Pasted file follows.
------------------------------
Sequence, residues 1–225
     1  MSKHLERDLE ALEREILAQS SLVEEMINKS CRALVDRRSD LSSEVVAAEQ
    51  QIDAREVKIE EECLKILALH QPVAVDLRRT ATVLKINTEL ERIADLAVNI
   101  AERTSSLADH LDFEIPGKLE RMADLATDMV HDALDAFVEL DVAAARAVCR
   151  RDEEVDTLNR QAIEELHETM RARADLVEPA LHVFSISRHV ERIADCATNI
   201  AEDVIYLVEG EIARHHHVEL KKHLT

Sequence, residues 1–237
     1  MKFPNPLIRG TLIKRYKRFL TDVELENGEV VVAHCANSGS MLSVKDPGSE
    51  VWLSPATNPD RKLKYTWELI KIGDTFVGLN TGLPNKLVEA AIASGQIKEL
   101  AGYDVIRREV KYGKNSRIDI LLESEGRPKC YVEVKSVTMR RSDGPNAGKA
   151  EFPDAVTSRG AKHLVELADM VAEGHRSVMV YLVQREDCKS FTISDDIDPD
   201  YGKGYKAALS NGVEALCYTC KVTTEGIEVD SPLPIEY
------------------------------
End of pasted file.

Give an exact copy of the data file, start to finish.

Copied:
Sequence, residues 1–225
     1  MSKHLERDLE ALEREILAQS SLVEEMINKS CRALVDRRSD LSSEVVAAEQ
    51  QIDAREVKIE EECLKILALH QPVAVDLRRT ATVLKINTEL ERIADLAVNI
   101  AERTSSLADH LDFEIPGKLE RMADLATDMV HDALDAFVEL DVAAARAVCR
   151  RDEEVDTLNR QAIEELHETM RARADLVEPA LHVFSISRHV ERIADCATNI
   201  AEDVIYLVEG EIARHHHVEL KKHLT

Sequence, residues 1–237
     1  MKFPNPLIRG TLIKRYKRFL TDVELENGEV VVAHCANSGS MLSVKDPGSE
    51  VWLSPATNPD RKLKYTWELI KIGDTFVGLN TGLPNKLVEA AIASGQIKEL
   101  AGYDVIRREV KYGKNSRIDI LLESEGRPKC YVEVKSVTMR RSDGPNAGKA
   151  EFPDAVTSRG AKHLVELADM VAEGHRSVMV YLVQREDCKS FTISDDIDPD
   201  YGKGYKAALS NGVEALCYTC KVTTEGIEVD SPLPIEY